I couldn't believe Fellmount let these people buy a system fueled by a fire-djinn knowing full well that in a few years, the afrit would break out and burn the place to the ground. Well, yes, perhaps I could because he agreed to curse our clan for a mere 800 gold pieces about a year ago, for no other reason than monetary gain. But it's all just a symptom of a general decline in business practices.
The planned obsolescence thing really depresses me some days. There are some craftsmen who are so confident of their ability to produce a product that they can say with pride, "This is the last crossbow you'll need. They won't get any better." Or a smithy who says, "If this plow blade cracks, bring it back and I'll replace it."
But all too often the things people use are expected to fail in a certain time period, and with the convenience of a lower price, you get the table of chance loaded in the favor of the seller, who says, basically, "I think I can guarantee my work for (six months, two years, five years)," whatever is convenient, all the while knowing that the butter-churn's bands are going to fail within four years because the metal bands used to secure the slats of the vessel are going to corrode, or that the fibers of your work-clothes are bound to disintegrate within 13 months because the carding and spinning operations to make their fabric were skimped upon. "In the mean time, I get more money from more buyers because I've made cheaper goods that are cheaper to sell."
The woodsmith's family has decided to move closer to one of the seaport towns to capitalize on his favorite kind of work, building seaworthy cabinetry for shipwrights. But rather than set out a substantial amount of gold for the wagonmaker's well-oiled vehicle and two trained light draft animals as a matching team to pull it, the woodsmith visits one of the big cart lots with a lot of little flags around it and fifty identical wagons parked in rows, all painted with glossy paint and waxed to outshine the stars. And on one side of the lot is a used cart-horse lot with animals tethered to lines of rope, each one with a price chalked on the rump.
The wagonmaker's rig would have cost the woodsmith 15 gold coins and with minimum maintenance, lasted until his sons' sons were ready to set up their own shops; but with the moving costs, the cart lot's price of five gold seems a whole lot more sensible ... right up until they get two desmesnes closer to the ocean and a wheel falls off, damaging the axle and spooking the bargain-basement horse on that side, who shies and breaks the tongue of the cart off near the base of it. The two year warranty isn't honored except by the dealer, and the poor woodsmith becomes a bit poorer as he pays for repair of the damage, a cost equal to what he paid for the cart. Or he can dump the whole rig as garbage, and hit the nearest cheap cart lot for a whole new one ...
I would bet that digging a cellar deep enough to hold ice and beer kegs would have cost the owner of Early Risers a pretty penny. And Fellmount would have seen that, too, and offered his immoral solution for a slightly cheaper price, not bothering to inform the customer that afrits always take horrible fiery revenge when caged and used.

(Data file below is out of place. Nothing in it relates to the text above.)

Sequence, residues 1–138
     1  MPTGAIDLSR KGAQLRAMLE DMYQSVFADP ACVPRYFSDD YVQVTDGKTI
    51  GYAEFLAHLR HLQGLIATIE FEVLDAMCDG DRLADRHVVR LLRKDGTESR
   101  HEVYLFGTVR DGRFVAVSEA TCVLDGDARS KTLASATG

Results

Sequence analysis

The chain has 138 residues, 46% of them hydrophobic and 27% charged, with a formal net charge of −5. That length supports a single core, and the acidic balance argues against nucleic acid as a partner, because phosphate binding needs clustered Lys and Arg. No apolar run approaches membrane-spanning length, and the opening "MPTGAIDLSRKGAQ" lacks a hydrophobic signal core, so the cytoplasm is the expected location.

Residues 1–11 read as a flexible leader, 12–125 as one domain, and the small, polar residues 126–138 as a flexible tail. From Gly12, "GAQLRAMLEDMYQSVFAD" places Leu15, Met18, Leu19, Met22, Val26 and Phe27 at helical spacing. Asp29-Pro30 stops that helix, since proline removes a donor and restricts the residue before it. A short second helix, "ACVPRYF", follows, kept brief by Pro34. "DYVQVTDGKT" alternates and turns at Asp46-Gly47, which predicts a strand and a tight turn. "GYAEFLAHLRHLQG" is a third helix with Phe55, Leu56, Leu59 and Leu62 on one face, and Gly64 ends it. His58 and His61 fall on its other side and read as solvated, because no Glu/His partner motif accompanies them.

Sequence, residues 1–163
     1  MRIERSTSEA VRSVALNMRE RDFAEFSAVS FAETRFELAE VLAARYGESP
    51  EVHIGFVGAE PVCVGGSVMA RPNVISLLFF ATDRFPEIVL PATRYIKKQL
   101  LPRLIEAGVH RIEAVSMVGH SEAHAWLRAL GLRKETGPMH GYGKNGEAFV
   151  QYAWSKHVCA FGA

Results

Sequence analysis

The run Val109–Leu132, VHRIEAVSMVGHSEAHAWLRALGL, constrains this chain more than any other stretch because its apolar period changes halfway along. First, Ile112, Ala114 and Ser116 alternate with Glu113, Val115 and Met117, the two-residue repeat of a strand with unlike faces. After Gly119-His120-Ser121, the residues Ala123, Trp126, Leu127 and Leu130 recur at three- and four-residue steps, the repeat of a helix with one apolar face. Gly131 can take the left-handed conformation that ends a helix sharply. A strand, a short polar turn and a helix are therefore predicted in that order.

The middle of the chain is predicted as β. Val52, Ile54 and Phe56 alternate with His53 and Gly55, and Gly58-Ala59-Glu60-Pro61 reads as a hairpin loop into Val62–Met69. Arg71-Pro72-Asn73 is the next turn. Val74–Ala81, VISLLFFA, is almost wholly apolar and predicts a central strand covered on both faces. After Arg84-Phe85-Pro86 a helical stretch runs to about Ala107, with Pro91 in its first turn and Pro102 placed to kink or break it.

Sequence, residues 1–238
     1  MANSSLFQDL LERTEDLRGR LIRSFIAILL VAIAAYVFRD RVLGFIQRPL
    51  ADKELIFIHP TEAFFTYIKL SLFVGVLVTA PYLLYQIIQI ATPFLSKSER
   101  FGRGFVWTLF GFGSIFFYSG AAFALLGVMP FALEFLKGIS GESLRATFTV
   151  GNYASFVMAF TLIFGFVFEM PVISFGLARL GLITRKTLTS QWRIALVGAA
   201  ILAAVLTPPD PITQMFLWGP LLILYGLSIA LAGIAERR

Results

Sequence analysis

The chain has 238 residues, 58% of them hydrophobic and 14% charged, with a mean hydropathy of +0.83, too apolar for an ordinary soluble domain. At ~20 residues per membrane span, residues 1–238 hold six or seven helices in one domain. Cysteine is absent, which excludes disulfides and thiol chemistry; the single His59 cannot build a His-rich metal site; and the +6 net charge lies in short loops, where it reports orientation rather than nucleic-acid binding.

"See you two later," rumbled Margot, flipping her hood up over her mohawk hair and disappearing into a dark alley.
"She's not taking this seriously, Aser," Danner said, shaking her head.
"I bet she meets her bartender buddy far from the tavern," I defended. "Margot is not dumb." I pondered her departure. "But often surprising. And so are you. I thought you would have done some magic to keep the afrit safe and sound."
She shook her head. "Djinns aren't just powerful, they're incredibly malicious if they've been crossed. I don't know enough about magic to even talk to them without being turned to bacon. I have to talk to Cloudraft about this. Come with me, will you? I need you to keep me from shooting my mouth off like I usually do."
"What do you want?" shouted Cloudraft the Great when he answered the door.
Without apology or preamble, Danner said, "The Early Risers Tavern has an afrit they're using as a refrigeration unit and power for a steam engine."
"That's preposterous!" the wizard sputtered, "Are they insane? Do they have any idea the creature could lay waste to this town at any moment?"
"I told them, but they didn't believe me," said Danner, humbly, very much the wizard's former apprentice.
"That's because you are a carousing, irresponsible, ill-spoken, traitorous wastrel!"
I reached with my staff and tapped him on the arm. "Is that why she's coming to you for help?"
In reply, he threw open the door and began to rummage in an overstuffed chair for his wand. "I suggest you make your way out of this town as soon as possible. I intend to do so immediately." He found the black stick that enabled his wizardry and tapped himself, making formal dark blue wizard robes appear upon his person in place of the hotel robe and boxer shorts. "I shall need my hat," he said to Danner, who held the garment hostage, tied in a leather bag against her boot.
He stopped and gaped at her. "Even without my hat, I could turn you into a tick."
"Tick away, Cloudy," Danner said, crossing her arms in defiance, "and before this town burns, I will be burrowed into the dirt, along with your rude and lecherous hat, and you can walk your sorry sorehead ass to wherever you plan on going."
Along with having been Cloudraft's unwilling apprentice, Danner and Cloudraft had been quite besotted with each other -- right up until she ripped his hat off his head so that he could not magically transport himself back into the mess we were all fleeing -- a death-threat by none other than Fellmount of Verdansward, himself. (Well, used to be from Verdansward, that is. He'd taken over Cloudraft's old digs for the ocean vistas and a power consolidation with a murdering Lady and her standing army. I'm telling you, referring to Fellmount as a 'rat bastard' was almost a compliment beside what we knew of him.)